This webpage has an interesting article on the topic, and shows a survey that reveals 52% of those replying would not pay anything at all for this information. Another 20% offered to pay $1, 13% said $3 and 15% said $5. This points to the massive problem within the (primarily US) travel industry at present. Travelers need advice on how best to book and buy their travel needs, but are unwilling to pay fair amounts of money for this help. In my opinion, being able to find out if you should buy a ticket today, or if it is likely to drop in price (perhaps by hundreds of dollars) in the future, is information that on average will save anywhere from $20-100, and also give you peace of mind. But 52% of people that are clever enough to read articles about travel on the internet are not clever enough to pay even $1 for this!
Who wins and who loses in this type of situation? The airlines win, because people can't make the best purchasing decisions. Travelers, and the travel agencies and other information sources they refuse to support, all lose.
This Week's Security Horror Story : Australia gets a double mention. Earlier this week three senior citizens inadvertently entered Sydney's domestic terminal through an unguarded exit door, allowing them direct access into the 'secure' part of the terminal. Security officials, upon realizing this, decided not only to rescreen everyone in the entire terminal, but also to disembark passengers from three flights that were about to leave and rescreen them, too. Chaos reigned for at least six hours, and not just in Sydney but throughout the country. Oh yes - they never did find the three people that were the root cause of this!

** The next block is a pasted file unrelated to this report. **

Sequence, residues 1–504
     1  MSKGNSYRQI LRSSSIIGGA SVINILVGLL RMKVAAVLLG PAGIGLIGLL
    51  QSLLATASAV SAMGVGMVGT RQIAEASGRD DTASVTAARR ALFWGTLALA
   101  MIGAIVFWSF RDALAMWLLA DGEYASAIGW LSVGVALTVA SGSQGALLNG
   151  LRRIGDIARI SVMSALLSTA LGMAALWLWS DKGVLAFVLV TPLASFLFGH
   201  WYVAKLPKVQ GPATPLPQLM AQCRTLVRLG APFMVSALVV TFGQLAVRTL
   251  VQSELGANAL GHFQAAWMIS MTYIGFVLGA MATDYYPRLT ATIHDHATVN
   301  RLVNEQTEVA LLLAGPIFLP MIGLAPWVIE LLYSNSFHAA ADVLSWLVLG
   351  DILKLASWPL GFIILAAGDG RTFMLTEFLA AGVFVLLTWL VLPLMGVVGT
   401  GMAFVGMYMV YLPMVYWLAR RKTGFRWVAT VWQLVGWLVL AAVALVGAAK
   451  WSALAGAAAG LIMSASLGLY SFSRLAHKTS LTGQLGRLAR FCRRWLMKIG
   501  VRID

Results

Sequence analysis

Not so funny was the attack on a Qantas flight on Thursday, when an apparent madman, armed with two sharpened wood sticks, a can of (presumably inflammable) aerosol spray and a lighter tried to fight his way into the cockpit of a domestic Australian flight. One flight attendant was seriously injured and a second not quite so seriously injured as they resolutely blocked access to the cockpit (the cockpit door was not a strengthened type door and could easily have been kicked in), and then with the help of passengers, managed to subdue the man.
The really scary part of this story is that wooden sticks don't show up on metal detectors. They would be slightly visible as shapes through an Xray machine, but if you hid the sticks on your person, you could walk through the metal detector without causing an alarm. As we all know, men have been killing other men with wooden sticks for thousands of years. This highlights the urgent need to strengthen all cockpit doors on all planes, and also points out the lunacy of having to surrender nail files while a person can smuggle truly dangerous wooden sticks on board. And don't forget the aerosol and lighter, either - together they are a great way to make a flame thrower.
Back in the US, a man described as a 'paranoid schizophrenic' sneaked through security at Pittsburgh's airport late one night and was found asleep onboard a plane the next morning. He apparently ducked behind a closed ticket counter, went through a baggage tunnel, got out onto the tarmac, then drove a UA van (its keys were 'hidden' in its ashtray) over to a gate, then onto the ramp and boarded an unlocked plane.